Sometimes, you don’t need to travel far to get inspired.
For two warm summer days in June, Digital Strategists Victoria Coello and I mingled in Munich’s Old Congress Hall with designers, brand builders, street artists and illustrators, taking in all that our panelists have to offer.
Here are some key soundbytes that got us thinking:
It’s important that people recognise your logo - but if you can get people to also recognise your product just by a bottle shape (classic Coca Cola bottle,) a hand motion (splitting a Kit Kat) or a sound (Intel,) your brand will be on its way to be a power brand.
Humans, animals, brands, companies, and products that are most adaptable to change, are the ones that live on forever. Our worlds are changing and evolving all the time, so why wouldn’t our brands and companies?
We prefer things that last, that we can repair, or reuse, or repurpose. That’s why we prefer buying experiences that gives us memories we can recall in a later date; We pay to meditate, to do yoga, and to learn new languages because these are all tools we can reuse in our lives in the future.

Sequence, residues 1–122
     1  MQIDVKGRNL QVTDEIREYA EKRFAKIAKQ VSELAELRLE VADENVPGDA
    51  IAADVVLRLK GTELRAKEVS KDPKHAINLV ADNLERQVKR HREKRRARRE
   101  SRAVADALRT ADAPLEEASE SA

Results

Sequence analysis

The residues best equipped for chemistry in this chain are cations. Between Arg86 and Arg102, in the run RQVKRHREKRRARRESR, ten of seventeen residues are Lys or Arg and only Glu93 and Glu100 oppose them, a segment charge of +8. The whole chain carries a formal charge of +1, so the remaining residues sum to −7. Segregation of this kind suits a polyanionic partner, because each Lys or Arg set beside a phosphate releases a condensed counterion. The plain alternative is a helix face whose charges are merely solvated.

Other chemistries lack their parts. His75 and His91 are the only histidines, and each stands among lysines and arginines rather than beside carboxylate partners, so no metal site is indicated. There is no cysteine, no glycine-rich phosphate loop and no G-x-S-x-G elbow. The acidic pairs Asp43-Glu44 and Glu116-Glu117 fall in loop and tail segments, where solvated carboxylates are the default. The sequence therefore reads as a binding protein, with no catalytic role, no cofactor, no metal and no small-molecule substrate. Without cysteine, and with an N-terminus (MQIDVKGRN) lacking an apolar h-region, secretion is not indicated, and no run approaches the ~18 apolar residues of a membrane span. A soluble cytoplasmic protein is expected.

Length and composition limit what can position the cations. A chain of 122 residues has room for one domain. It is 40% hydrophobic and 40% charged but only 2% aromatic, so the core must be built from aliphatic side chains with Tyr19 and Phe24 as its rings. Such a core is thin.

As long as we can access the service or product when we want it, it doesn’t matter if we have complete ownership of that product or not. Easy examples include music-streaming, Netflix, car-sharing, bike-sharing, and the thrift store revolution. How can you apply this in other tangible industries?
Rooted in our DNA is a perception that if we physically touched something, we’re more likely to value it more than if we didn’t. Apple taught us all to “pet” our phones with the touch screen, and see where we are now?
Not all elements in your design must have a rational explanation. What makes a visual feel real and authentic, is when there are elements and aspects that are unexplainable and mysterious - because that is how we experience life. Life isn’t so clear or simple, so when we make imagery and videos that clearly explains and communicates everything, it feels fake and forced. Prime example: A stock image of this businessman receiving a shocking email on his phone.
Photo credit: Forward Festival Munich